Choosing a Successor Trustee: Why Your First Thought May Not Be Your Best OptionSubmitted by HearthStone | Private Wealth Management on September 24th, 2018
Choosing a Successor Trustee:
Why Your First Thought May Not Be Your Best Option
What will happen to your estate once you are gone? This is a daunting question. Much depends on the estate planning you do today. This includes the people you choose to run your estate when you’re not around.
One of the most important decisions you will make regarding your personal estate plan is choosing your successor trustee. There are many considerations to make before designating a person for this critical role. A common misconception is that family members are your only option. They’re not. Often, they’re not your best option, either.
Administering an estate plan is like running a business. It’s complicated and requires knowledge, experience, energy, time, organization, judgment and dedication. It’s a job, not a privilege.
When considering a candidate, ask: “If this person was in the marketplace offering the services required for this job, would anyone else hire him?” If your answer is “no,” keep searching. If you can’t find anyone from within your friends and family, then you should consider hiring a professional trustee.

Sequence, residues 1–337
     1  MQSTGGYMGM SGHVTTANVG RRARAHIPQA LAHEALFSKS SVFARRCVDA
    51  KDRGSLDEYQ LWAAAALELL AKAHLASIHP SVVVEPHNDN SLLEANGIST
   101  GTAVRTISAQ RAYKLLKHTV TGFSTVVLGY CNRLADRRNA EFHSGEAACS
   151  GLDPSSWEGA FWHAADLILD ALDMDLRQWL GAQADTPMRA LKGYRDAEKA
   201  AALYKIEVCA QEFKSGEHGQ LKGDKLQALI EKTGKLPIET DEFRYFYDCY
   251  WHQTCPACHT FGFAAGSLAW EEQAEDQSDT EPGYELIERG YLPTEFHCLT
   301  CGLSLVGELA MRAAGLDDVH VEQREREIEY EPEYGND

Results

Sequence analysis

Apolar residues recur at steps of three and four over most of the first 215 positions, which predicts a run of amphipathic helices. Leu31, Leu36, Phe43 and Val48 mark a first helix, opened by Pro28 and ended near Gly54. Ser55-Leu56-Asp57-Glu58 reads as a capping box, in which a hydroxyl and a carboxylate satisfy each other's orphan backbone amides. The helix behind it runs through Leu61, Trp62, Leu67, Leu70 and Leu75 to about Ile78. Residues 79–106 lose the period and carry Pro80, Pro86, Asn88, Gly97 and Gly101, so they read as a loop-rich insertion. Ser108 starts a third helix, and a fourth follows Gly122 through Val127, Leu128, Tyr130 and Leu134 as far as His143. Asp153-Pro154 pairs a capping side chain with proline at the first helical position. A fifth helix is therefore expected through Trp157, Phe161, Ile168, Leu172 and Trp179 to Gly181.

Find someone who’s trained, educated, experienced and licensed. That person may be a CPA, an attorney, an employee at a large trust department, or a professional fiduciary. In California, you should look for a Certified Licensed Professional Fiduciary (CLPF).
What are professional fiduciaries’ duties? They manage clients’ personal affairs relating to daily care, housing, medical needs, and sometimes personal finances. They can administer estate plans and much more.
You should consider seeking the services of a professional if you’re someone who:
• Doesn’t have friends and family with the appropriate skills or time availability
• Doesn’t have a friend or family member you trust
• Would like to avoid conflicts between family members
Speaking of money, a professional will be paid for services rendered. However, this price is often much less than the cost of potential family squabbles, conflicts, damaged relationships, and litigation.
Since you’ve already invested the time, trouble and expense to establish your estate plan, why skimp on one of its most important parts—choosing a successor trustee? If you love your family, treat this decision with the gravity it deserves. Remember, you’re not alone. Your estate planning attorney and other advisors will be happy to provide valuable guidance.
For more information about professional fiduciaries, visit the Professional Fiduciary Association of California (PFAC) website at www.pfac-pro.org